Nepali is the national language of Nepal. Besides being spoken as a mother tongue by more than 48% of the population of Nepal, it is also spoken in Bhutan and India. The language is recognized in the Nepali constitution as an official language of Nepal.

The variety presented here is standard Nepali as spoken in Nepal. There are three major dialects: eastern, central, and western. Though many dialects can be distinguished in Nepal and other South Asian countries, there is reported to be little variation in phonology from one to another.[1]


Nepali has 11 phonologically distinctive vowels, including 6 oral vowels and 5 nasal vowels (indicated in the IPA with tildes ~). In addition, due to a process of h-deletion, there are words in which some speakers produce long vowels, such as [paaɽ] ('mountain'), analyzed phonemically as /pʌɦaɖ/.[2]

Nepali vowel phonemes[2][3]
Front Central Back
High i ĩ u ũ
Close-mid e ẽ o
Open-mid ʌ ʌ̃
Open a ã

As the above list shows, there are five nasal vowels. The high mid back vowel /o/ does not have a nasal counterpart at the phonological level; although the vowel [õ] does exist phonetically in the language, it is often in free variation with its oral counterpart, as in [hotso] ~ [hõtso] 'short', [bʱeɽaa] ~ [bʱẽɽaa] 'sheep'. Nasal vowels are not frequent in the Nepali lexicon, compared to a language such as French in which the number of nasal vowels is large. They occur mostly in verbs.

According to Bandhu et al. (1971), the evidence for the distinctiveness of vowel nasalization is not nearly as strong as that for the distinctiveness of the six oral vowels. They state that minimal pairs are easily obtainable only for the vowel /a/. Examples are shown below:

  • /kap/ 'inside corner', /kãp/ 'tremble!' (2nd p. sg. imperative)
  • /bas/ ('shelter'), /bãs/ ('bamboo')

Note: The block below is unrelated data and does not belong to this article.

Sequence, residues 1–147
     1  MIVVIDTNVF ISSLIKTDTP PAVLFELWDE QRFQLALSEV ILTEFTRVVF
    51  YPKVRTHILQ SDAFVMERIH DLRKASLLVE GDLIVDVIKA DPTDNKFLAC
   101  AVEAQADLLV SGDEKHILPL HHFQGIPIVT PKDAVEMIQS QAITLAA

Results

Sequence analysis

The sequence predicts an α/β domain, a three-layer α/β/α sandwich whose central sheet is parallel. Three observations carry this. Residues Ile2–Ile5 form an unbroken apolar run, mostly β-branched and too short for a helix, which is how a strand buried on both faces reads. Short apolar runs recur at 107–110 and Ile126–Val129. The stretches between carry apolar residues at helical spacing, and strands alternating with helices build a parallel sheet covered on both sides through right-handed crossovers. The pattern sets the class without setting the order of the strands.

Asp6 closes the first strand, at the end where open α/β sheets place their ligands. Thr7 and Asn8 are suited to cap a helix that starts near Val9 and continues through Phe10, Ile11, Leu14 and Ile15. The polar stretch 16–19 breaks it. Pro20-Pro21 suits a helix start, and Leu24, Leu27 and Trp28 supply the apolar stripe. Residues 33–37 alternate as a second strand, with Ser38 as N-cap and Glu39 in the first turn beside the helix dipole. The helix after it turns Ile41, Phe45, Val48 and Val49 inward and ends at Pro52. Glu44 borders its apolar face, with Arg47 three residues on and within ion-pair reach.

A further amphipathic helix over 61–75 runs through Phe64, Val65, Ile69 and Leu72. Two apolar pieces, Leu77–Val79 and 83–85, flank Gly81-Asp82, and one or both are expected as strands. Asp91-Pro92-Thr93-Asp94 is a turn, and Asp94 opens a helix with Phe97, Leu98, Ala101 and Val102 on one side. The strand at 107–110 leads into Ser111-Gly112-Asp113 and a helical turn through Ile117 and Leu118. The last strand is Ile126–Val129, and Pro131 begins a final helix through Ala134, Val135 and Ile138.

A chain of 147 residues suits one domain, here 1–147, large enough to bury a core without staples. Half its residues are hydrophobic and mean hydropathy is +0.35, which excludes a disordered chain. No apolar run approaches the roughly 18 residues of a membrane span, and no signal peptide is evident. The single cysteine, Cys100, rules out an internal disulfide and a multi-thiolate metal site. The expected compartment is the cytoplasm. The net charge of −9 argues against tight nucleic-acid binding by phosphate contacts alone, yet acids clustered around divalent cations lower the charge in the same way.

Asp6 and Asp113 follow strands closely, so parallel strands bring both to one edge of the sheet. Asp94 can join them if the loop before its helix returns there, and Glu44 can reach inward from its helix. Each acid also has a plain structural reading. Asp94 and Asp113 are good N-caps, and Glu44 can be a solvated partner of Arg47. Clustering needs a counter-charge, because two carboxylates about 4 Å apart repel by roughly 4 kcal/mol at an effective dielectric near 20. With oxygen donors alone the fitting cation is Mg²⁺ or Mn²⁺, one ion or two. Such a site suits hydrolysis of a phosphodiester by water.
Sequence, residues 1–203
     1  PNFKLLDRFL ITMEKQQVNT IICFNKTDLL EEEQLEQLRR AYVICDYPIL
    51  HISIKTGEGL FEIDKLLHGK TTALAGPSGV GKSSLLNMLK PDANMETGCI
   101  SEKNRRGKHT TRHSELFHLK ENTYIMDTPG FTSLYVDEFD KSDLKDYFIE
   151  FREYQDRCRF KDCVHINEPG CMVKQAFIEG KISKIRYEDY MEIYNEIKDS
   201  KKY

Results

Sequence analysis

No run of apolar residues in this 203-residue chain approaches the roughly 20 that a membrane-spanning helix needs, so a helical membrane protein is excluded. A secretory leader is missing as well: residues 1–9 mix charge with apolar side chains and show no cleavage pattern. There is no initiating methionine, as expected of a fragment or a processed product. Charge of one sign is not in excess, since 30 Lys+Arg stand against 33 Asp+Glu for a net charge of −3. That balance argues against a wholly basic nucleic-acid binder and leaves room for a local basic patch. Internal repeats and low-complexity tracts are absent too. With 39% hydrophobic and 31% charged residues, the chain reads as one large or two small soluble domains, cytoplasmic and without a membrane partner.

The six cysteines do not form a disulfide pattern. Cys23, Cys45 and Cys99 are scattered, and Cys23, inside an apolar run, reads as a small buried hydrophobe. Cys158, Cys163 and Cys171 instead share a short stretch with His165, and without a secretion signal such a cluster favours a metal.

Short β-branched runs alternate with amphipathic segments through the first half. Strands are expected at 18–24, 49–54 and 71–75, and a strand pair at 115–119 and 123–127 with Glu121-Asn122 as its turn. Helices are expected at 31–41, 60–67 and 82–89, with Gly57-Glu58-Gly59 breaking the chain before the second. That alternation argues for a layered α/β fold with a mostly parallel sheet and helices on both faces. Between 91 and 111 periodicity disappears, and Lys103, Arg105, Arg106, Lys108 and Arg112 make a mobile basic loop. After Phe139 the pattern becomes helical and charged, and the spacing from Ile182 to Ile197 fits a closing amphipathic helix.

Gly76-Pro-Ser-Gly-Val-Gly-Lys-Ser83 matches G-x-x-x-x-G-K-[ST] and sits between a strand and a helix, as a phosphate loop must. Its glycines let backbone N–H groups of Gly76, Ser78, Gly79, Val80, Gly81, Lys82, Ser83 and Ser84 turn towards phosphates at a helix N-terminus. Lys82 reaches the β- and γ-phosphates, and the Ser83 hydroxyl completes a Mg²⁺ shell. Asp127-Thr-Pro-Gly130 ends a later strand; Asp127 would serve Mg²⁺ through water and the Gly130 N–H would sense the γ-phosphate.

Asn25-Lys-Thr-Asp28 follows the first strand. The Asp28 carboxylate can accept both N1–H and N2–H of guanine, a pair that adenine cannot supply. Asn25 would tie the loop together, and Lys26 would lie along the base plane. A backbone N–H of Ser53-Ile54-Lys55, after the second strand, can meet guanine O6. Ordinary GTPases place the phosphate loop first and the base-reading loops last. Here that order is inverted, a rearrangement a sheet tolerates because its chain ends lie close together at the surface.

• /bʱaɽa/ ('rent'), /bʱãɽa/ ('pots')
  • /tat/ ('be heated!'), /tãt/ ('row')
  • /tsap/ ('pressure'), /tsãp/ ('magnolia wood')

Other minimal pairs include /naũ/ ('name') vs. /nau/ ('barber') and /ɡaũ/ ('village') vs. /ɡau/ ('sing' 2nd p. sg. imperative). At the phonetic level, oral vowels can be nasalized when following a nasal consonant.[4]


Pokharel (1989:37–38) followed two diphthongs first elaborated by Shivaraja Acharya in वर्णोच्चारण शिक्षा in 1974.

diphthongs Example Gloss Orthography
/ui/ /dui/ 'two' दुई
/iu/ /dziu/ 'body' जीउ
/ei/ /sʌnei/ 'trumpet' सनै
/eu/ /euʈa/ 'one' एउटा
/oi/ /poi/ 'husband' पोइ
/ou/ /dʱou/ 'wash!' धोऊ!
/ʌi/ /kʌile/ 'when' कैले
/ʌu/ /dzʌu/ 'barley' जौ
/ai/ /bʱai/ 'younger brother' भाइ
/au/ /au/ 'come!' आऊ!

The following rules can be followed to figure out whether or not Nepali words retain the final schwa.

1) Schwa is retained if the final syllable is a conjunct consonant. अन्त (anta - end), सम्बन्ध (sambandha - relation), श्रेष्ठ (shrestha - greatest/ a last name) Exceptions: conjuncts such as ञ्‍‍‍ज ञ्‍च in मञ्‍च(manc - stage) गञ्‍‍‍ज(ganj - city) and occasionally the last name पन्त (panta/ pant)

2) For any verb form the final schwa is always retained unless the schwa cancelling halanta is present. हुन्छ(huncha - it happens), भएर(bhaera - in happening so/ therefore), गएछ(gaecha - he apparently went) but छन्(chan - they are), गइन्(gain - she went)

Meanings may change with the wrong orthography: गइन(gaina)= she didn't go VS गइन् (gain) = she went

3) Adverbs, onomatopoeia and postpositions usually maintain the schwa and if they don't, halanta is acquired: अब (aba - now), तिर (tira - towards), आज (aaja- today) सिम्सिम् (simsim - drizzle) VS झन् (jhan- more)